SAN JOSE, Calif. Executing on its goal of keeping pace with archrival Intel Corp., Advanced Micro Devices rolled out its first 65-nm x86 CPUs Tuesday (Dec. 5). The new Athlon 64 X2 cuts die size in half and power by a third in existing 90-nm desktop processors.
AMD is maintaining its position as a fast follower of giant Intel with plans to ramp its 65-nm process quickly and ship its first 45-nm devices by mid-2008.
The new dual-core desktop processors have a maximum power consumption of 65W down from 89W. They come in existing speed grades of 2.1 to 2.6 GHz and costs ranging from $169 to $301.
AMD said its dual-core processors have lower power consumption than rival parts from Intel when both are in low-power states. In idle mode, the 90-nm AMD CPUs dissipate about 3.8W compared to about 14.3W for similar Core 2 Duo parts from Intel.
Early next year, AMD will apply its 65-nm process to other desktop and notebook CPUs. Some of those new parts will use the new process to cut power consumption while maintaining data rates; others will keep power consumption steady and raise data rates about 30 percent above current levels.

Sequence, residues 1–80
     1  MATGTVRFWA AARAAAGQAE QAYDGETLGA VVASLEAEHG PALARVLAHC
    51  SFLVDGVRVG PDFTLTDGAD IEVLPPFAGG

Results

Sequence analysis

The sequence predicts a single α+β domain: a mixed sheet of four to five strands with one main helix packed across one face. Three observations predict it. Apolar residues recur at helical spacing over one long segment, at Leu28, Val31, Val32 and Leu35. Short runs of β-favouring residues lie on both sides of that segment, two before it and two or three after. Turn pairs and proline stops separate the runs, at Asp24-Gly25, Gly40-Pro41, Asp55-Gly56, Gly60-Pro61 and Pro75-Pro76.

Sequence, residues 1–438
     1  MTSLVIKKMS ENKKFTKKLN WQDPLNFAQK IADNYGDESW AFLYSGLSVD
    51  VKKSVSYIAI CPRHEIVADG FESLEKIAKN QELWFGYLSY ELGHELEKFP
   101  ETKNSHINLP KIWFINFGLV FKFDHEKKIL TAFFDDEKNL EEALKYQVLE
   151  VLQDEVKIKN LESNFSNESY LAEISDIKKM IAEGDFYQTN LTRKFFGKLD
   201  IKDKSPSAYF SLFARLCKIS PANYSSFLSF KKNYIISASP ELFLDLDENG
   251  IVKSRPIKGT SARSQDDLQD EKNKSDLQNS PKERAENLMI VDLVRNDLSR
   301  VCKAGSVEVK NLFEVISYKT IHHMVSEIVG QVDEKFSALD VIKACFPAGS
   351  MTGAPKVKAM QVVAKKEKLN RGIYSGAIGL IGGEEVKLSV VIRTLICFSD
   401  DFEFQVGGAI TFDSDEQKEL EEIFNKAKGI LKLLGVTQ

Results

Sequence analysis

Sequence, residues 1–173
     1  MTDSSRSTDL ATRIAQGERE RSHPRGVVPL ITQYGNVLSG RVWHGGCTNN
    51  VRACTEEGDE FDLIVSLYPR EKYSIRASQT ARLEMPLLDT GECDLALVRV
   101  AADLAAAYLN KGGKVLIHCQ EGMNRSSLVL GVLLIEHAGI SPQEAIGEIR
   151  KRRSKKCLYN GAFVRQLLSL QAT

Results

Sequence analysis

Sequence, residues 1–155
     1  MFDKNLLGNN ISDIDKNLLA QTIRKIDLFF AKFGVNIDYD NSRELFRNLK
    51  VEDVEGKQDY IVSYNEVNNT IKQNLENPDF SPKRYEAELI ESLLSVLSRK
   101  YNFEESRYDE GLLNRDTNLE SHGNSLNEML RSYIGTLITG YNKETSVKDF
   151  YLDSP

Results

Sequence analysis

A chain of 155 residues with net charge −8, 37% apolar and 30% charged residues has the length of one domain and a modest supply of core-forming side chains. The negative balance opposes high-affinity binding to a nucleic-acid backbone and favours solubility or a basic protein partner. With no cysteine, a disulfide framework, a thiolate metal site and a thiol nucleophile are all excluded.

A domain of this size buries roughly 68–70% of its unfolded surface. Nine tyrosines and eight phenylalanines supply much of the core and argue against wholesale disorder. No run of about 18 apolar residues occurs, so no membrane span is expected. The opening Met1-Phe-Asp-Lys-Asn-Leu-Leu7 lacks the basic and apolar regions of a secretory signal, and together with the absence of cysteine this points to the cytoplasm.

The 65-nm process will also be the enabler for AMD's Barcelona products, server CPUs that will be AMD's first to combine four X86 cores on a single die.
A handful of top OEMs, including AMD's newest and potentially largest customer, Dell Computer, said they will grab up the new desktop parts that started shipping Tuesday.
"With the new energy-efficient AMD Athlon 64 X2 dual-core processors, Dell OptiPlex and Dimension desktops can provide customers breadth of choice and personalized, dual-core performance and power efficiency that meets their office productivity or entertainment needs," said Vivek Mohindra, vice president of desktop product marketing at Dell which was until recently and Intel-only shop.
Other OEMs planning to use the devices starting next year include Acer, Founder, Hewlett-Packard, Lenovo, Packard Bell and TongFang of China.